top of page
  • Writer's picturePeter Serefine

What Does The 2A Mean?

Those in favor of gun control often point to the use of the word militia in the second amendment as part of an argument that the second amendment is no longer valid. I want to examine this argument and the actual text of the second amendment.

First, contrary to some opinions, militias still exist, although they may no longer be state funded. Many states have militia units with required drill attendance minimums, uniform standards, and military equipment. Most modern organized militias still require that members purchase their uniforms, equipment, and supplies, just like in the 18th century when the second amendment was written. Anyone who says that militias don’t exist is just plain wrong.

Second, others say that the National Guard is the only “well regulated militia.” This opinion only holds water when we apply the modern view of the word regulated. We live in a regulatory world. Our federal government has dozens of regulatory agencies that regulate every aspect of our lives. In the 18th century, our founding fathers meant trained, efficient, and orderly. Government is definitely not the only organization capable of training.

Third, if we still need militias in modern America depends partly on what you think of their purpose. Some believe that a militia is to help the military when needed to fight foreign forces. Others believe the purpose of a militia is to fight our own government if needed. Still, others believe their purpose is to fight to protect our rights regardless of who they have to fight. This discussion is worth having, but this is not for today’s article.

Finally, we could examine who the militia is. The modern vision of a militia is a group of conspiracy theorists playing army in the woods. That is not how the framers of the Constitution saw the militia. George Mason addressed this question during the Virginia ratification debate.

I ask, sir, what is the militia? It is the whole people except for a few public officials.”

After the war for independence, many towns and even some of the new states required militia service of all able-bodied white men over the age of majority through a designated cut-off age. Not only were militia members required to keep arms, but many other households were required to keep arms even though there wasn’t a militiaman in the home. In short, the militia was basically every citizen.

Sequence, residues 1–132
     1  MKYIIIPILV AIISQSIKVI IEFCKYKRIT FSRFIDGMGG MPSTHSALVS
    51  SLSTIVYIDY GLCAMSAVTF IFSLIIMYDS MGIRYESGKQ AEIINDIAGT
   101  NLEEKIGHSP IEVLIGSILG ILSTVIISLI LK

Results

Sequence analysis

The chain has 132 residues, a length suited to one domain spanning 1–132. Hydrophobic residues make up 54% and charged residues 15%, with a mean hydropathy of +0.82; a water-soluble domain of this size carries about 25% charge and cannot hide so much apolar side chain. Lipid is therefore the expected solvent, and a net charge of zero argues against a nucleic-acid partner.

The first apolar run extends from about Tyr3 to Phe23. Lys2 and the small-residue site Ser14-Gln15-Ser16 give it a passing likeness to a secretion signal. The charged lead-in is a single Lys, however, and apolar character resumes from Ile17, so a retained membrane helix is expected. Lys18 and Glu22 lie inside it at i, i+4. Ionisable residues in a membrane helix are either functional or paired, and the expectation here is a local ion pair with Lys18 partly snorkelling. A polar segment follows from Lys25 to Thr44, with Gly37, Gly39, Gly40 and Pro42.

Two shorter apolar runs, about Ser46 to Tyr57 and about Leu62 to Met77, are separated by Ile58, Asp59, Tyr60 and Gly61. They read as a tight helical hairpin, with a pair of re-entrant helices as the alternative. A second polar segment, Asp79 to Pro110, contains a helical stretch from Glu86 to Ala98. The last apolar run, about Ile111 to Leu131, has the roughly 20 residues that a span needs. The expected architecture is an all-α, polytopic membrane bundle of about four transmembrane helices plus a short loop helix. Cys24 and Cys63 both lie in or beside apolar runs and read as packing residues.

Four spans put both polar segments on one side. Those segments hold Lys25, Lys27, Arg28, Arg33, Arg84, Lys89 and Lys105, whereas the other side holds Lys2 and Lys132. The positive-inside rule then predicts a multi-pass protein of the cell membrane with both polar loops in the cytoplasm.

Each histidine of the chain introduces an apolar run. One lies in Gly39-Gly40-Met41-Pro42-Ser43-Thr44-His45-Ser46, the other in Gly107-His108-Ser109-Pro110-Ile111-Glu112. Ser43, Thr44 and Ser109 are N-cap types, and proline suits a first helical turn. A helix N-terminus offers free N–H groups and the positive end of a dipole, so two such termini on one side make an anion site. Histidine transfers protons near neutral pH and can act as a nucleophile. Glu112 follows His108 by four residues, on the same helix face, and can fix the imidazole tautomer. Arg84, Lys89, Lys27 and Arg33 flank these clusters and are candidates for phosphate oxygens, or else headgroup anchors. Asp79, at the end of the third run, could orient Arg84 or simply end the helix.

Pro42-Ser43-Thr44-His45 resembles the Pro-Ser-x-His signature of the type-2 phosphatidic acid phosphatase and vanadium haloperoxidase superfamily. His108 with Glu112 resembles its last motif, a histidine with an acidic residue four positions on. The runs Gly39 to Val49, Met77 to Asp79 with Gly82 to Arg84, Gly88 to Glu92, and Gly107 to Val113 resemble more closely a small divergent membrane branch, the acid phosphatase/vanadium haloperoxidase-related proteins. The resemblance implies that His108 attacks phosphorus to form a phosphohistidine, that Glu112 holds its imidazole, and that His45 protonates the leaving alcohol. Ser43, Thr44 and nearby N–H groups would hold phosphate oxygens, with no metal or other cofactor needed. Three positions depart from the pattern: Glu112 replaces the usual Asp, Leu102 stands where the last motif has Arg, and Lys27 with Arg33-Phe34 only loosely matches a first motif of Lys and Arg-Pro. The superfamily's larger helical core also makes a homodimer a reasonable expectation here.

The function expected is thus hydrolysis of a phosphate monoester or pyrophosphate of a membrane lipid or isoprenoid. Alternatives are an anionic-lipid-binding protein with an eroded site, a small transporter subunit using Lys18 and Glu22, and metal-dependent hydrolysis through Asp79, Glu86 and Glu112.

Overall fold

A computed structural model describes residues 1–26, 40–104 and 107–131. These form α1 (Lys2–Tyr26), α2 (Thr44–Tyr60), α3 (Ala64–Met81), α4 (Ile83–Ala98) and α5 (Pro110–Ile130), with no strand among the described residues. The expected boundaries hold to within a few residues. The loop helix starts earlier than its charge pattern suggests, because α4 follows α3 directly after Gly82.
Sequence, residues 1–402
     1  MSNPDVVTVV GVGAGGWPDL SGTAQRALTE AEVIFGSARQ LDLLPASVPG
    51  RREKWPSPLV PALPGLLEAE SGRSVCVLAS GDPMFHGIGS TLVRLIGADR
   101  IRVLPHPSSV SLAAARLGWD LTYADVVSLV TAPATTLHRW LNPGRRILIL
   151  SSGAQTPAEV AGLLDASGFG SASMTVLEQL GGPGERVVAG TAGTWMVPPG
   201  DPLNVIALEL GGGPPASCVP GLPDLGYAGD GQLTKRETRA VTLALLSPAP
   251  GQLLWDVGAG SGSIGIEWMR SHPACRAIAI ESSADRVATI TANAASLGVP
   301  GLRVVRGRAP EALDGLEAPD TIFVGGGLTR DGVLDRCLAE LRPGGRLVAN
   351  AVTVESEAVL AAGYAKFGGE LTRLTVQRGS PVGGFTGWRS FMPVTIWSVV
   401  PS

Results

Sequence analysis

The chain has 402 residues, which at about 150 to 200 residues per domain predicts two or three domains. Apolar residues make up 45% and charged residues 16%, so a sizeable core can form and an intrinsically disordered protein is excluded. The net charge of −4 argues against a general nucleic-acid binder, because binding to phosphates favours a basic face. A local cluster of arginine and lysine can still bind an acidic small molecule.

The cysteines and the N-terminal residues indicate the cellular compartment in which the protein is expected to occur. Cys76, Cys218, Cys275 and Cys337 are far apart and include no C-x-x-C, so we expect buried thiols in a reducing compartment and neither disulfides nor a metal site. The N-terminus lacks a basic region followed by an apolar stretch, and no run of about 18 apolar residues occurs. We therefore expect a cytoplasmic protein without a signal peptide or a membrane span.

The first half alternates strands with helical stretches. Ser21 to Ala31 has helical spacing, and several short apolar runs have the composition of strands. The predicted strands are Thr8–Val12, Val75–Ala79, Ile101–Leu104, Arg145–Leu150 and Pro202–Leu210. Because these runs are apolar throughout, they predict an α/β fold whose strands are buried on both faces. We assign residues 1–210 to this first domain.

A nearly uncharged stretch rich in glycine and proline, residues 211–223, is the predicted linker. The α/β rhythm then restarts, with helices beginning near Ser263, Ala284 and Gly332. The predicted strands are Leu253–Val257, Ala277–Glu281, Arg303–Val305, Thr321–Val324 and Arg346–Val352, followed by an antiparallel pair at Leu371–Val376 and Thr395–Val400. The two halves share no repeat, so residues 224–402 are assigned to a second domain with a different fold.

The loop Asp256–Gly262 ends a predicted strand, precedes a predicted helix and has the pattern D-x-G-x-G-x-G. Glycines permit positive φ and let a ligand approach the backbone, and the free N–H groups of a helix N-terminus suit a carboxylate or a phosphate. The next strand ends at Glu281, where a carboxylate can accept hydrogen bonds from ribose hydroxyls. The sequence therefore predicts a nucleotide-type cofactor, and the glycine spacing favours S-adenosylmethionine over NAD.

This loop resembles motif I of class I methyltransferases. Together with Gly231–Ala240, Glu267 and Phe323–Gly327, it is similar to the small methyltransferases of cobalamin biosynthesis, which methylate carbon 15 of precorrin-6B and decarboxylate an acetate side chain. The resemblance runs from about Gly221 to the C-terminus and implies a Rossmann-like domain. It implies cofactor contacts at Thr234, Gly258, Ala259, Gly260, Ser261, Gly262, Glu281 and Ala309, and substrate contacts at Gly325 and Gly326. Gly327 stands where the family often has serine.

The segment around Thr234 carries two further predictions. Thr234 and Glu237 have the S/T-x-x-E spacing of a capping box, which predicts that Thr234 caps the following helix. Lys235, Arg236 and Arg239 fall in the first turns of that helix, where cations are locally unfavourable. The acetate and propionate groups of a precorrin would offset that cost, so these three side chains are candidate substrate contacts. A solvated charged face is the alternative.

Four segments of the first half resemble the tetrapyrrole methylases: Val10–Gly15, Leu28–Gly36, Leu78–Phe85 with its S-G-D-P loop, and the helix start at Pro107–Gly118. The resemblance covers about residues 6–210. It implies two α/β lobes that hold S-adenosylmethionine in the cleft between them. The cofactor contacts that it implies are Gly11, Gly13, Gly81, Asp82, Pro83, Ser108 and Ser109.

So, if you are an able-bodied US Citizen between eighteen and sixty-five, congratulations. You are in the militia. You should have firearms and be trained and ready to use them on short notice. Owning arms is not enough. Constant training is required. Legal protection is an excellent idea too. I recommend Right To Bear Insurance. PewPewTactical named Right To Bear the most affordable carry insurance. Check it out at

Now, let us look at the basic text of the second amendment and dissect the sentence as we did in primary school.

“A well regulated Militia, being necessary to the security of a free State, the right of the people to keep and bear Arms, shall not be infringed”

What portion or portions of this make a complete thought? What parts can stand alone as a complete sentence?

The first half, “A well regulated Militia, being necessary to the security of a free state…” though important, is not a complete thought. The founding fathers could have easily made it a complete thought by simply replacing the word “being” with the word “is.” In which case, it would have read ‘A well regulated militia is necessary to the security of a free state.” That simple change would have made any argument about a militia’s need and/or purpose supremely relevant. Our founding fathers had a good grasp of the English language yet chose not to make the first half of the second amendment a declarative complete thought.

The first two commas separate out a dependent clause, “, being necessary to the security of a free state,”. This portion only applies to the first portion, “A well regulated militia.”

The second half of the second amendment is a declarative statement . “the right of the people to keep and bear arms, shall not be infringed”. This portion can stand alone. This is the stance that the US Supreme Court took when striking down a gun ban in Washington D.C. v. Hellar.

“According to the court, the second comma divides the amendment into two clauses: one ‘prefatory’ and the other ‘operative.’ On this reading, the bit about a well-regulated militia is just preliminary throat clearing; the framers don’t really get down to business until they start talking about ‘the right of the people … shall not be infringed,’”

Thomas Jefferson proposed a “corrected” version of the second amendment that only had one comma. His version only included the second comma. This supports the Supreme Court’s findings. Unfortunately, for clarity’s sake, Thomas Jefferson did not make his suggestion until after the proposed amendment had already been sent to the states for ratification because he had been in Paris.

The only grammatical argument that can be made to support restricting gun rights would be if the section between all three commas is one large dependent clause. That would leave “A well regulated militia…shall not be infringed”. This would take us back to the question about the need and purpose of the militia.

Intentional or not, the only declarative portion of the second amendment as it is written is that the right of the people to keep and bear arms shall not be infringed. This is possibly the most cut-and-dry declaration in the United States Constitution, and yet for nearly a hundred years, our government has been infringing on your right to keep and bear arms.

33 views0 comments

Recent Posts

See All
bottom of page